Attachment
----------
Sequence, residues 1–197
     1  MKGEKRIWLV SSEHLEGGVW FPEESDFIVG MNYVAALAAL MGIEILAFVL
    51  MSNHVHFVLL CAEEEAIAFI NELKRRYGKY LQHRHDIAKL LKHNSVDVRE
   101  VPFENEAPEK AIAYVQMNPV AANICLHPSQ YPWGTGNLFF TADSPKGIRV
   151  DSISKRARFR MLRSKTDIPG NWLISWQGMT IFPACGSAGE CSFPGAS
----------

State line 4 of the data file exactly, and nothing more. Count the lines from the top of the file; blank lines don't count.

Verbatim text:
   101  VPFENEAPEK AIAYVQMNPV AANICLHPSQ YPWGTGNLFF TADSPKGIRV